Demonstrating Substantial Equivalence through Performance Criteria

Melvin G. Fletcher III

By Melvin G. Fletcher III

ISO 13485, CMDR, and MDD/CE Marking Certified Lead Auditor

On April 11, 2018, the Food and Drug Administration (FDA) issued a draft guidance to describe an optional pathway for certain widely understood device types, in which a submitter would have to demonstrate that a new device is as safe and effective as a legally marketed device, and, therefore, meets FDA-identified performance criteria.  

The FDA believes that the use of performance criteria is only appropriate when the FDA has determined that all of the following are met:

  1. The new device has indications for use and technological characteristics that do not raise different questions of safety and effectiveness than the identified predicate device.
  2. The performance criteria are in alignment with the performance criteria of one or more legally marketed devices of the same type as the new device.
  3. The new device meets the performance criteria of one or more legally marketed devices of the same type as the new device.

All performance criteria for use of the Expanded Abbreviated 510(k) program will be publicized through the FDA guidance developed for purposes of this program, which may reference FDA-recognized consensus standards and special controls.

If a device cannot rely entirely on the performance criteria identified by the FDA to demonstrate substantial equivalence for its submission, then it is not appropriate for this program. However, the FDA does emphasize that the previously established 510(k) programs, in which direct performance comparisons against appropriate predicates are conducted - including Traditional, Special, and (non-expanded) Abbreviated 510(k)s - will remain available to submitters.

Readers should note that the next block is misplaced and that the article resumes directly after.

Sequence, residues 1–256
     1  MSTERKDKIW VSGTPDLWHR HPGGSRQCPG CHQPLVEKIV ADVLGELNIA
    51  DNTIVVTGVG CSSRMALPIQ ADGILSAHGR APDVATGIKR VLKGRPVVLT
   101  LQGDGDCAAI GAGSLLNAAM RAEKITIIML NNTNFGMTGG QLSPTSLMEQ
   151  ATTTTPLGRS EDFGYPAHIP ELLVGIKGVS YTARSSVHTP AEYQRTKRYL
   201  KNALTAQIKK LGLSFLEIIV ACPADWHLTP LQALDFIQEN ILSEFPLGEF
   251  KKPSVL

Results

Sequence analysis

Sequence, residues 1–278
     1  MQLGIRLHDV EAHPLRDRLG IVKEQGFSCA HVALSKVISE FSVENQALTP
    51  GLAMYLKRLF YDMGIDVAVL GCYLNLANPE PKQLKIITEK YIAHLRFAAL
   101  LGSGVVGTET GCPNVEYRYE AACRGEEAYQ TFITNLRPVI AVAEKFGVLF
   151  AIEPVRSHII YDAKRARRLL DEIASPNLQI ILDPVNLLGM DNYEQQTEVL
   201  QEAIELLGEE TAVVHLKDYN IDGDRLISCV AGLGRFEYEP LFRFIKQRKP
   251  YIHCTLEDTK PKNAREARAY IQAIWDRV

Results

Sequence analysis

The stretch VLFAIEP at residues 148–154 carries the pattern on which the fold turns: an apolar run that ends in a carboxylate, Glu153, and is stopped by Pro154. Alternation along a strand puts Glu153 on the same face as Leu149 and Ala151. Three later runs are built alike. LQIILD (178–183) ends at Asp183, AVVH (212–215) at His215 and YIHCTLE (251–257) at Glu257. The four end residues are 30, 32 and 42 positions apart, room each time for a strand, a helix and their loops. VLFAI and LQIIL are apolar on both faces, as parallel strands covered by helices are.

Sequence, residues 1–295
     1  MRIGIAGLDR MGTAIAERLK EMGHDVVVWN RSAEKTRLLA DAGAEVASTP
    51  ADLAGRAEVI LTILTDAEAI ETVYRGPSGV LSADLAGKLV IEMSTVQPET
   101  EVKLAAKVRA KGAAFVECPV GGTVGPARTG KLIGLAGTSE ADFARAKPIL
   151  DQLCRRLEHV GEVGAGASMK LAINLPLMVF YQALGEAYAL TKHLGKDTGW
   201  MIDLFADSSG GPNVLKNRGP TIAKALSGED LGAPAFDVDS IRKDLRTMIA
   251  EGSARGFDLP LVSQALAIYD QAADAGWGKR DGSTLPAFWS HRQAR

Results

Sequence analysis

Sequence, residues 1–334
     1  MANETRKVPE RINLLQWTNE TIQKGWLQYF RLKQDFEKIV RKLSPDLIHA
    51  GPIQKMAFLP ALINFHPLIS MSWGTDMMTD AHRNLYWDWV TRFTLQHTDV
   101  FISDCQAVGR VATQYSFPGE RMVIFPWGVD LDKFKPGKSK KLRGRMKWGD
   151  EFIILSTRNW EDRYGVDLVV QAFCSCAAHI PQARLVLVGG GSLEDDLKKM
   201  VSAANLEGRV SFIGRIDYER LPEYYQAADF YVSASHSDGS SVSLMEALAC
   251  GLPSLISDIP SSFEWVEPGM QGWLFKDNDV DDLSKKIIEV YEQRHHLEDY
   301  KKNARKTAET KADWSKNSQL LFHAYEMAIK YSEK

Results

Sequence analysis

This new draft guidance includes the following information that the FDA plans to provide:

  • Devices appropriate for the Expanded Abbreviated 510(k) program including information about the types of devices to which the performance criteria would apply, such as the intended use and technological characteristics.
  • Identification of performance criteria for each device type, as well as the testing methods recommended in the guidance, where feasible, and any other relevant information.
  • The FDA’s review of the data that is submitted, which includes a declaration of conformity, a summary of the data, and/or underlying data, as appropriate.
  • The FDA’s intention to modify the list of pertinent device types with additional device types,  corresponding performance criteria, and testing methodology in the guidance and on the FDA website over time, as appropriate and in accordance with the FDA’s Good Guidance Practices (21 CFR 10.115).
  • An appendix that includes the submission recommendations for an Expanded Abbreviated 510(k).

The FDA’s draft guidance documents, including the one mentioned in this blog, do not establish legally enforceable responsibilities. Instead, guidance documents describe the FDA’s current thinking on a topic and should be viewed only as recommendations, unless specific regulatory or statutory requirements are cited. The use of the word “should,” in FDA guidance documents, means that something is suggested or recommended, but not required.

If you need any assistance with implementing or interpreting the draft guidance on the “Expansion of the Abbreviated 510(k) Program: Demonstrating Substantial Equivalence Through Performance Criteria,” contact ICON at www.iconplc.com/devices for more information. Our medical device experts have direct experience in the application of the recommendations contained within this guidance.